4.    Introduce two-factor authentication 

Next, businesses should adopt strong two-factor authentication, to ensure only authorised employees have access to the data they need to use. Two-factor authentication involves using something authorised individuals possesses, such as a smartphone that can receive a message, and something they know, like a password. This is more secure than relying on passwords alone, which can be easily hacked.

  1. Always install latest patches

As bugs and vulnerabilities emerge, hardware and software vendors constantly issue patches. However, many businesses don’t install patches quickly enough or use software which no longer receives regular patches. Figures from Net Applications show that one in 10 organisations still use Windows XP, despite patches being discontinued. It is imperative that businesses install patches as they become available, to avoid becoming easy targets for hackers.

  1. Evaluate and repeat

Once a business has implemented the above steps, it’s crucial that each step is repeated for all new data that enters its system. Cybersecurity and legal compliance are a continuing process, not an event. These steps will ultimately help make businesses unattractive or unviable targets for attackers as even in the event of a breach they won’t be able to use, steal or hold their data for ransom.

With businesses now footing the bill, reputationally and financially, for any data breach, it’s never been more important for them to take full ownership of the data they hold.

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PC sales crash as virus hits

COVID-19 is now an integral element of forecasting of computer sales, as the impact of coronavirus begins to be felt in the supply chain

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Overall shipments of personal computing devices (PCD) will decline 9% in 2020, reaching 374.2-million by the end of this year, as a result of the impact of coronavirus, or COVID-19, on manufacturing, logistics and sales.

According to new projections from the Worldwide Quarterly Personal Computing Device Tracker,  International Data Corporation (IDC) has lowered its forecast for PCDs, inclusive of desktops, notebooks, workstations, and tablets. 

The long-term forecast still remains slightly positive, with global shipments forecast to grow to 377.2-million in 2024, with a five-year compound annual growth rate (CAGR) of 0.2%. However, this is based on an IDC assumption that the spread of the virus will recede in 2020. Since the figure represents only marginal growth, the ongoing impact of the virus could quickly reduce long-term forecasts into negative expectations. IDC did not provide alternative scenarios should this occur.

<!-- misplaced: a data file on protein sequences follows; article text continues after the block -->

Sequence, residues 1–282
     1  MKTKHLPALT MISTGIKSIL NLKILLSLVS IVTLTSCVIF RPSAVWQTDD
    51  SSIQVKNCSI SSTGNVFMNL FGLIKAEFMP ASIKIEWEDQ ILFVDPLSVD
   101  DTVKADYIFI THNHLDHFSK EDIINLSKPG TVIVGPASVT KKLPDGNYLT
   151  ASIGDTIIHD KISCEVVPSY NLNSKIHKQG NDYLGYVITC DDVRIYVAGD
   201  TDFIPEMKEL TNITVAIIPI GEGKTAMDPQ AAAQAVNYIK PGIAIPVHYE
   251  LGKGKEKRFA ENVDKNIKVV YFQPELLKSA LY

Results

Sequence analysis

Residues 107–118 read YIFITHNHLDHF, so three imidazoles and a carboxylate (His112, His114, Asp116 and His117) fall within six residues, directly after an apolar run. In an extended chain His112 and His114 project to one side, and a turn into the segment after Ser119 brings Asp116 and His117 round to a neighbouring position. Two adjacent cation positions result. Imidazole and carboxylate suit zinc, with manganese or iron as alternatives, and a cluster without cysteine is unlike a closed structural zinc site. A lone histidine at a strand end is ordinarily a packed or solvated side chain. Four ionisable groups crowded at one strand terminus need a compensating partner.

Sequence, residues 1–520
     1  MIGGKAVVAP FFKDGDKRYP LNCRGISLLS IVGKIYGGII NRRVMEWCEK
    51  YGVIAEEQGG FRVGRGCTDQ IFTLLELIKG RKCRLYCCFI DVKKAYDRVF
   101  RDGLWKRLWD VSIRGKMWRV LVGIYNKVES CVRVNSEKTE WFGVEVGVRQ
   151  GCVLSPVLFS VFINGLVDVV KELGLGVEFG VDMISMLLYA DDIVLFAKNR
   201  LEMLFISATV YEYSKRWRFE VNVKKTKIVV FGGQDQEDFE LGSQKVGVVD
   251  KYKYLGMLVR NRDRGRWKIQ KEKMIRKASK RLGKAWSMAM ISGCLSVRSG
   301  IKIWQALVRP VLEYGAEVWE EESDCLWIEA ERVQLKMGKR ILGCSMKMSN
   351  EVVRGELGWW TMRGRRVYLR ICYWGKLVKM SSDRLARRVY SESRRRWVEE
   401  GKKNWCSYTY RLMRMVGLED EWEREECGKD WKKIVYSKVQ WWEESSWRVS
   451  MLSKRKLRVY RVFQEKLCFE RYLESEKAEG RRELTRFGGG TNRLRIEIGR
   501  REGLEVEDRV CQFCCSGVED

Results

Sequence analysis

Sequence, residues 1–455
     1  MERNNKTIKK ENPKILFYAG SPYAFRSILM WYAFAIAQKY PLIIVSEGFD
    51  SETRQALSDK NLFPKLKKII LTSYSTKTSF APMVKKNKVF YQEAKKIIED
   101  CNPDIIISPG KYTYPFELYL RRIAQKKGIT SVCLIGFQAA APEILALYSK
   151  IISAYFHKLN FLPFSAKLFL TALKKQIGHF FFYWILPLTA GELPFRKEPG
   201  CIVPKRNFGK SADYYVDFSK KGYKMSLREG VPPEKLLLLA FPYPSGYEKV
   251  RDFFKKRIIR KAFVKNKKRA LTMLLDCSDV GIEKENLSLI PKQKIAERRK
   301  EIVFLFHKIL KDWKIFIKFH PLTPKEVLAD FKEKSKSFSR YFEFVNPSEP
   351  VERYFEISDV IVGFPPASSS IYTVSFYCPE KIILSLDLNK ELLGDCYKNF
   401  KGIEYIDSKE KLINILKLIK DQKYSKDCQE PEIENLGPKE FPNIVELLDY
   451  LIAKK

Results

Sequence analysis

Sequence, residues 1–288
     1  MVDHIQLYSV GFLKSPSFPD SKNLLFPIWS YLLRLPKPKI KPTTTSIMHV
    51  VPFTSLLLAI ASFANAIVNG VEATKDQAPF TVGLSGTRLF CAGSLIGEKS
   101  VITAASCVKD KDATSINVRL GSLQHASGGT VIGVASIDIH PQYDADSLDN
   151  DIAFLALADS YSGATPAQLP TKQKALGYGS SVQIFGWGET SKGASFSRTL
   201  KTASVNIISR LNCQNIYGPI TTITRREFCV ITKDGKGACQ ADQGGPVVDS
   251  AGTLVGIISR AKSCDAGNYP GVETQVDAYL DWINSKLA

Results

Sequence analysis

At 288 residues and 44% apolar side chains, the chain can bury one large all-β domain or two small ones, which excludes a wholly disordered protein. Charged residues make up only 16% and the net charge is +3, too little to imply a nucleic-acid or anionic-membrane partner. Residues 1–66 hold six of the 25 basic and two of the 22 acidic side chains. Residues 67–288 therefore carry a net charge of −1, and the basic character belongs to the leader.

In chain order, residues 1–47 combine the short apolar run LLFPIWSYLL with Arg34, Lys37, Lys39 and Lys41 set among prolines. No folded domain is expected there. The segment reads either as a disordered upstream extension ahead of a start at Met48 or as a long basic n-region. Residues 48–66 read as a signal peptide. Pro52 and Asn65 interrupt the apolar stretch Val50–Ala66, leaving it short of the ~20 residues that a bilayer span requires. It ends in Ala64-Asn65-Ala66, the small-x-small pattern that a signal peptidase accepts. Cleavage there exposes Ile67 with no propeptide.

The decline in 2020 is attributed to two significant factors; the Windows 7 to Windows 10 transition creates tougher year-over-year growth comparisons from here on out and, more recently, the spread of COVID-19 is hampering supply and leading to reduced demand. As a result, IDC forecasts a decline of 8.2% in shipments during the first quarter of 2020 (1Q20), followed by a decline of 12.7% in 2Q20 as the existing inventory of components and finished goods from the first quarter will have been depleted by the second quarter. In the second half of the year, growth rates are expected to improve, though the market will remain in decline.

“We have already forgone nearly a month of production given the two-week extension to the Lunar New Year break and we expect the road to recovery for China’s supply chain to be long with a slow trickle of labour back to factories in impacted provinces until May when the weather improves,” said Linn Huang, research vice president, Devices & Displays. “Many critical components such as panels, touch sensors, and printed circuit boards come out of these impacted regions, which will cause a supply crunch heading into Q2.”

“There’s no doubt that 2020 will remain challenged as manufacturing levels are at an all-time low and even the products that are ready to ship face issues with logistics,” added Jitesh Ubrani research manager for IDC’s Worldwide Mobile Device Trackers. “Lost wages associated with factory shutdowns and the overall reduction in quality of life will further the decline in the second half of the year as demand will be negatively impacted.”